Medical/Healthcare Social Worker
A medical or healthcare social worker works in a medical setting such as a hospital, hospice, outpatient clinic, or long-term care facility assisting patients with health related issues. They assess a patient’s emotional, environmental, and social needs, and work with members of a healthcare team to come up with a continuing care plan for after the patient is discharged. A medical or healthcare social worker is also responsible for arranging in-home medical assistance or equipment needs for patients, as well as helping them obtain financial assistance and health insurance coverage if needed. Additionally, a medical or healthcare social worker is responsible for providing patients with individual counseling and leading support group discussions. To be considered for a position in this field, most states require candidates to have a master’s degree, a number of supervised clinical hours, and the appropriate license.
Administrative Social Worker
Administrative social workers are committed to strengthening organizations and systems, and can be found in all areas of social work. Administrative social workers help support the operations of organizations, programs, and institutions, and provide crucial leadership in the places they work. They are skilled at balancing support for workers and consumers with satisfying agency demands, and integrating legality, equity, and efficiency in the field of social work. Administrative social workers often have extensive knowledge in areas including, but not limited to, human resources, change leadership, financial management, resource development, and management and supervision. They often fill roles such as social work administrators, directors, managers, supervisors, mentors, field instructors, and lead social workers.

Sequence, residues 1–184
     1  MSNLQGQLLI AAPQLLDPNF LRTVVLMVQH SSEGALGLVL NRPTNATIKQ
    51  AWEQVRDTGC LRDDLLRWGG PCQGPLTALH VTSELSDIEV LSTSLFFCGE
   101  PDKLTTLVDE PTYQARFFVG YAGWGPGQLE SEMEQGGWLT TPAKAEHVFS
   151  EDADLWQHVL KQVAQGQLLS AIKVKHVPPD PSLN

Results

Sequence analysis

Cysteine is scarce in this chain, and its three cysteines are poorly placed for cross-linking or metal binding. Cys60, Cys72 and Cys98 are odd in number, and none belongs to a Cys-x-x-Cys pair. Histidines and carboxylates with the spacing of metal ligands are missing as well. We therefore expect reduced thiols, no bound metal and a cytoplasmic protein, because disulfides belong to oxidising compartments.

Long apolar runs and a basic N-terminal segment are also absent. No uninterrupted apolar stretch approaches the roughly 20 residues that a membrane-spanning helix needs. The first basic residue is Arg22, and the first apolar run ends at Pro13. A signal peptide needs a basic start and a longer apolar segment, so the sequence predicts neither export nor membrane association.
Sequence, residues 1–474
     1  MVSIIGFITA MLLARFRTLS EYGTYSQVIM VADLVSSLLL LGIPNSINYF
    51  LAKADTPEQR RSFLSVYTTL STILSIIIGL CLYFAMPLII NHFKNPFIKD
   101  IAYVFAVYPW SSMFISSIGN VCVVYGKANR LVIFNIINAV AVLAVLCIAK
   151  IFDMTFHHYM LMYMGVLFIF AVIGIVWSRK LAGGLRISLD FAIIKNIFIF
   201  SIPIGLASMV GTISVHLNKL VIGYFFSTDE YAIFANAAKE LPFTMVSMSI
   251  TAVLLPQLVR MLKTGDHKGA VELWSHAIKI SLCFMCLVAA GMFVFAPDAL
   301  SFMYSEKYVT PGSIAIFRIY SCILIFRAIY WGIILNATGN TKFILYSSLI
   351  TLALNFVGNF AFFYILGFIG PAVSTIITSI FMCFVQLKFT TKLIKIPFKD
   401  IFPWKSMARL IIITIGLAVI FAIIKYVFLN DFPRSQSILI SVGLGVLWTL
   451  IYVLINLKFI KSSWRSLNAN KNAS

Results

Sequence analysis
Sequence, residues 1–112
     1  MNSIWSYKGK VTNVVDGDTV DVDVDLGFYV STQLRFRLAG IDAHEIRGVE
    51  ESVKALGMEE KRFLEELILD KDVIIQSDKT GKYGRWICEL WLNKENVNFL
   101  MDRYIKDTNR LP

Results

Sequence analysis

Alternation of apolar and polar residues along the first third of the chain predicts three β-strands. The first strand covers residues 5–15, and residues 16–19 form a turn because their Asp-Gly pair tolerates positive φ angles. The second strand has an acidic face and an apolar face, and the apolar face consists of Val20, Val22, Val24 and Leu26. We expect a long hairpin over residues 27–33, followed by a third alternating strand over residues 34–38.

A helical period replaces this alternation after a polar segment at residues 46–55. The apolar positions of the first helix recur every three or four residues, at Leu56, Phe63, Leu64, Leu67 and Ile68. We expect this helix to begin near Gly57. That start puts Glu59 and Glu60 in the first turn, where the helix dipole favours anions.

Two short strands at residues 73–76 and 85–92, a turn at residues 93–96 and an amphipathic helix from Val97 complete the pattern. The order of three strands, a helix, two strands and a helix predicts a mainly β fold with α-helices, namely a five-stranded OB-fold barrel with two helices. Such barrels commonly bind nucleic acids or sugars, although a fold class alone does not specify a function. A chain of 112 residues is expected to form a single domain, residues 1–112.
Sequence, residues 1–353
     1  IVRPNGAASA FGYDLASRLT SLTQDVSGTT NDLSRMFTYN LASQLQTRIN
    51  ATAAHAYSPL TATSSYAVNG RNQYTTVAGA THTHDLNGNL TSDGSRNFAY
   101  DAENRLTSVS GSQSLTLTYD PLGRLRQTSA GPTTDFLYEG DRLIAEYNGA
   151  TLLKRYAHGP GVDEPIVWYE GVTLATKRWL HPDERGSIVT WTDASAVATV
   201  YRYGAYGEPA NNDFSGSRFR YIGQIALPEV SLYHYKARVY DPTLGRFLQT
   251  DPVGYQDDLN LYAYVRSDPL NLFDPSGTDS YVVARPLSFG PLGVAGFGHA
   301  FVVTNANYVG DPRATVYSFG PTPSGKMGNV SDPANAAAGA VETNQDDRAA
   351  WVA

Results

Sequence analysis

Community-Based Social Worker
Community-based social workers work directly with and within communities to bring about social and economic change. They help to strengthen, empower, and advocate for those within marginalized communities, and are committed to economic and social justice ideals, including equity and equality. Community-based social workers have extensive knowledge of the social and historical contexts of the communities they work with, and are skilled at centering their communities, embracing flexibility and changing political and social landscapes, and leveraging relationships and resources in the interest of their work. Examples of areas community-based social workers work in include: outreach, grassroots mobilization, lobbying, community development, and public awareness efforts.